The teenage years are a challenging time for nearly everyone. For young people who realize during this time that their gender identity – or their psychological perception of their gender – does not match the gender they were assigned when they were born, they may go through the additional struggle of gender dysphoria.
Gender dysphoria occurs when a person of any age feels like their gender is something other than their assigned gender and has a strong desire to be that other gender, and this causes them emotional distress. As transgender and cisgender teens figure out their identity during this time, knowing what support you can provide as a parent can help reduce the anxiety, depression, and stress they may feel about gender identity.
How to Support Your Gender Non-Conforming Teen
Gender dysphoria can occur at any age, but it is often common around puberty when changes in their body can make differences between their anatomy and gender identity feel more obvious. Not every transgender or gender non-conforming teenager will experience gender dysphoria, but many do.
In addition to feeling a disconnect with their assigned identity, many students may fear that they will not be accepted for their gender identity in school, with friends, and among family which often makes depression and emotional distress worse. You can help by providing support at home when you:
- Foster Open Conversations – Create a space where your teenager feels comfortable discussing emotions and challenges. If they bring up gender identity, let them talk first and actively listen. They likely will have been thinking about their identity for some time and will have a range of feelings about what it means to them.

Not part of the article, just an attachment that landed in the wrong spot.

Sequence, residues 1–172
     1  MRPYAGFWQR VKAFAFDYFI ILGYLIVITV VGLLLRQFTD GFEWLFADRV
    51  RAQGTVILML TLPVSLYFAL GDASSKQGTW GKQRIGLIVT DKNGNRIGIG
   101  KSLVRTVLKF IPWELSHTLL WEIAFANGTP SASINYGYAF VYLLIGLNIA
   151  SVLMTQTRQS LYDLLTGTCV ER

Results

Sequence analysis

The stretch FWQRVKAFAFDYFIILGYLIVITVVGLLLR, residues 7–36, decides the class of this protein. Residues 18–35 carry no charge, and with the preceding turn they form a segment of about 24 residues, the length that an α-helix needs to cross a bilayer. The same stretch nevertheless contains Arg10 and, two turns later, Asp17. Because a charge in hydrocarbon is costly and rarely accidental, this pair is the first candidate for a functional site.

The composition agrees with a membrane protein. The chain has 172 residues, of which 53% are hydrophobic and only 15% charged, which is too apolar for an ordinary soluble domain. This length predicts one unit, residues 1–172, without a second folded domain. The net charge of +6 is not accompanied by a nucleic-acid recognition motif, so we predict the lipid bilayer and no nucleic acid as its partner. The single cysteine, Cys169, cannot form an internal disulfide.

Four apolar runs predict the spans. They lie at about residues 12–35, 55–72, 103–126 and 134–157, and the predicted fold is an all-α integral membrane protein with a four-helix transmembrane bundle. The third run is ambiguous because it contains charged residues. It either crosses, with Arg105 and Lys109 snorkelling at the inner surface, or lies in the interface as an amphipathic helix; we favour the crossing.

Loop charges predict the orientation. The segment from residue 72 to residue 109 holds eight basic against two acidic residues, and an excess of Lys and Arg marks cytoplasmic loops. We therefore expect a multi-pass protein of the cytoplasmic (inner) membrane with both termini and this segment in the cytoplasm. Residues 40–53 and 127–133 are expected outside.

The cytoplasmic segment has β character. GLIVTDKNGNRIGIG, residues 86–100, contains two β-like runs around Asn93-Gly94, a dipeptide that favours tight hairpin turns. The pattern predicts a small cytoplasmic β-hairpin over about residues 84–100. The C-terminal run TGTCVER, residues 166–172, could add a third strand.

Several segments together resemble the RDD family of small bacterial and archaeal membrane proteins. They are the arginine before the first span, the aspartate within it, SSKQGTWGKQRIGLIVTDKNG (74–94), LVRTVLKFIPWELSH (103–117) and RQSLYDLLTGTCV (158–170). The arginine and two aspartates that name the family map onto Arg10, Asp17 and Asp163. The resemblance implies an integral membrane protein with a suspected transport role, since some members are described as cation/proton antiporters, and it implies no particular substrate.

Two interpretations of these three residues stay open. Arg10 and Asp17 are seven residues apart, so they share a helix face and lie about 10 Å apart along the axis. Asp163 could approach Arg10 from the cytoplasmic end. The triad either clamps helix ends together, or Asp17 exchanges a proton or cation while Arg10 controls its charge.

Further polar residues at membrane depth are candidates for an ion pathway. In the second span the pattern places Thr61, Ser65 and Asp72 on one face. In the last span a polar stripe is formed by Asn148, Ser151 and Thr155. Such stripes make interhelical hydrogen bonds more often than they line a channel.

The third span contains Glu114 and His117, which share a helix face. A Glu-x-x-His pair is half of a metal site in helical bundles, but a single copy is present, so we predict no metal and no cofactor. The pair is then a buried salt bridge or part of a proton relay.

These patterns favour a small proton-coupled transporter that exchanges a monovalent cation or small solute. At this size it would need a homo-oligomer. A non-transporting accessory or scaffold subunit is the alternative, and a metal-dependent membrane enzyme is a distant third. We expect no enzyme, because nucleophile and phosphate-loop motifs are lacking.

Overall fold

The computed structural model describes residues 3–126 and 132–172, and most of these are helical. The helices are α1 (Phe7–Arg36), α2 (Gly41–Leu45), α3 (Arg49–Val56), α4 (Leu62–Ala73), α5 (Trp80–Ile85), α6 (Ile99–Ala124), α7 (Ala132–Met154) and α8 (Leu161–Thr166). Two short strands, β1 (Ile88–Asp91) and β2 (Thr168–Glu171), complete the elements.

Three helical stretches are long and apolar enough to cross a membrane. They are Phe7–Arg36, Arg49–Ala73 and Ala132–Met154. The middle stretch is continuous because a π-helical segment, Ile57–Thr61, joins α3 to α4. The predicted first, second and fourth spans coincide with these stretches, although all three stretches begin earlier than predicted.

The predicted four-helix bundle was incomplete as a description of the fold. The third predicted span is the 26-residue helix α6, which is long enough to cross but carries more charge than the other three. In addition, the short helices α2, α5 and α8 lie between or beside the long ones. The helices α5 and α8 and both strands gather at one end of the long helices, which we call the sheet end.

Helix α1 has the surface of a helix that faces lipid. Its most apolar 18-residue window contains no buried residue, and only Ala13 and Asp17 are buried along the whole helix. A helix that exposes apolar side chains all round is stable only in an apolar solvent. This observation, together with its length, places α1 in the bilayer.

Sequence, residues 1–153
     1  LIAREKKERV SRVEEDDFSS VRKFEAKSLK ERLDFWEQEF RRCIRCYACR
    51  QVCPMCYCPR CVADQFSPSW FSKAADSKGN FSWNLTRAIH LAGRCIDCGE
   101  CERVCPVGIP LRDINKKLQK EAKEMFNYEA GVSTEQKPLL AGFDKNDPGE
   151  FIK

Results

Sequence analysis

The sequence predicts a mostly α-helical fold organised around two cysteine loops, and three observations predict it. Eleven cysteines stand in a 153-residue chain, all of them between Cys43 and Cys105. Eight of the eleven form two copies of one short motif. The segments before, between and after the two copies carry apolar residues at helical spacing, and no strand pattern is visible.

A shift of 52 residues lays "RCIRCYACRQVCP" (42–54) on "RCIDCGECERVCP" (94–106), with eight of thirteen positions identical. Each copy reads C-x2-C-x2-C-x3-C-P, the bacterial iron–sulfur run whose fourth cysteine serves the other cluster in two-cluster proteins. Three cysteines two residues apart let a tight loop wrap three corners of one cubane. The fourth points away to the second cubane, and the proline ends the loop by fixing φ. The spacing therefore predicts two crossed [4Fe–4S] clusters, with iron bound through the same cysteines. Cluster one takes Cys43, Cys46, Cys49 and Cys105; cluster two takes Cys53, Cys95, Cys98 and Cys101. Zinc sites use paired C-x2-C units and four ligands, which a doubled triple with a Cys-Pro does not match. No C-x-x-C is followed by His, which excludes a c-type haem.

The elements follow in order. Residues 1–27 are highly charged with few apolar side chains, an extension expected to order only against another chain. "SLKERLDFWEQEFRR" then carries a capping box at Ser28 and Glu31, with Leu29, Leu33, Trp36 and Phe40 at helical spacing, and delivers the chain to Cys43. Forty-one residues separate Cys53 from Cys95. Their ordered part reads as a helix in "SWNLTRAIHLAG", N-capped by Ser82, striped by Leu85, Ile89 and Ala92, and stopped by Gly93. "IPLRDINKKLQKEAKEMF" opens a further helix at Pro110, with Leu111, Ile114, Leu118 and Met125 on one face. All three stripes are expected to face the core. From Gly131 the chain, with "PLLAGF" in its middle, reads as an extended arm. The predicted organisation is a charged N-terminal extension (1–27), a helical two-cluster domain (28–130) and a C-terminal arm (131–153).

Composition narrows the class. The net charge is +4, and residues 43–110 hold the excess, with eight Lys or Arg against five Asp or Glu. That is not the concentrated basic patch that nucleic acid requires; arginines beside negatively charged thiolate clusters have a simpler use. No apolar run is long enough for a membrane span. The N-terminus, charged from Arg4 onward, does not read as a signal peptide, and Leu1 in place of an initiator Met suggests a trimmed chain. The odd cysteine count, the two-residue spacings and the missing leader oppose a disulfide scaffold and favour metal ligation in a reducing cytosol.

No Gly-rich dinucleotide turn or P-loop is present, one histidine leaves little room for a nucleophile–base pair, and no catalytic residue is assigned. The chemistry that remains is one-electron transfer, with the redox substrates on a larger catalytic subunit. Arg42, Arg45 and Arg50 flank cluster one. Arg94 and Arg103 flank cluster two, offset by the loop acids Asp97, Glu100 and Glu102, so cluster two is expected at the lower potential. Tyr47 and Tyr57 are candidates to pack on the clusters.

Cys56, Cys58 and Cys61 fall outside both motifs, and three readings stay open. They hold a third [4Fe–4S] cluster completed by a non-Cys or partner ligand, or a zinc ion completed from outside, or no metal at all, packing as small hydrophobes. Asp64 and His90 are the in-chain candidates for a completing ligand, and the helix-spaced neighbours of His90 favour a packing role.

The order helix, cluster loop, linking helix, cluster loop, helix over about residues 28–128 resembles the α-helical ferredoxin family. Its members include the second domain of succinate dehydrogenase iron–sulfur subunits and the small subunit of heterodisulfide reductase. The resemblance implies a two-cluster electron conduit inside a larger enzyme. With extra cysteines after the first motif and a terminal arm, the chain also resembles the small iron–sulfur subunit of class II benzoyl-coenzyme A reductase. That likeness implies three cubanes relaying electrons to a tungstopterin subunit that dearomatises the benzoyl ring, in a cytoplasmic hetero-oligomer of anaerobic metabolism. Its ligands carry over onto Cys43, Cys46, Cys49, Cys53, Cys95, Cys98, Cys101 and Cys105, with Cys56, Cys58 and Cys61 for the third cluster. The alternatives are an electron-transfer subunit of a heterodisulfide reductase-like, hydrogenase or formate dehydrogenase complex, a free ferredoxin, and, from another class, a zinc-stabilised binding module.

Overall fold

- Remain Accepting – Remind yourself and your teenager that you love them regardless of their identity and accept them for the way they feel in the moment without trying to change their mind. It is alright to take time later to come to terms with your thoughts about your child’s identity.
- Affirm Your Teen’s Gender Identity – If your teen wants to affirm their transgender identity, by changing their name, pronouns, clothes, or other parts of their expressed identity, help them enact those changes. You may need to work with schools or organizations your teen is in. With the help of a physician, you and your teen can also consider medical affirmation options.
- Meet with a Dallas Psychiatrist – Regardless of gender identity, you do not want your teen to experience depression, anxiety, suicidal thoughts, or low self esteem. A psychiatrist in Dallas can design a treatment plan that helps minimize emotional stress and increase mental wellbeing.
Aware Behavioral Health provides adolescent anxiety and depression treatment in Dallas. Licensed psychiatrist Dr. Surin Sehdev is also experienced with many forms of talk therapy and can work with your teenager to make sure they are getting the support they need for whatever struggles they may be facing. Contact us to set up an online appointment.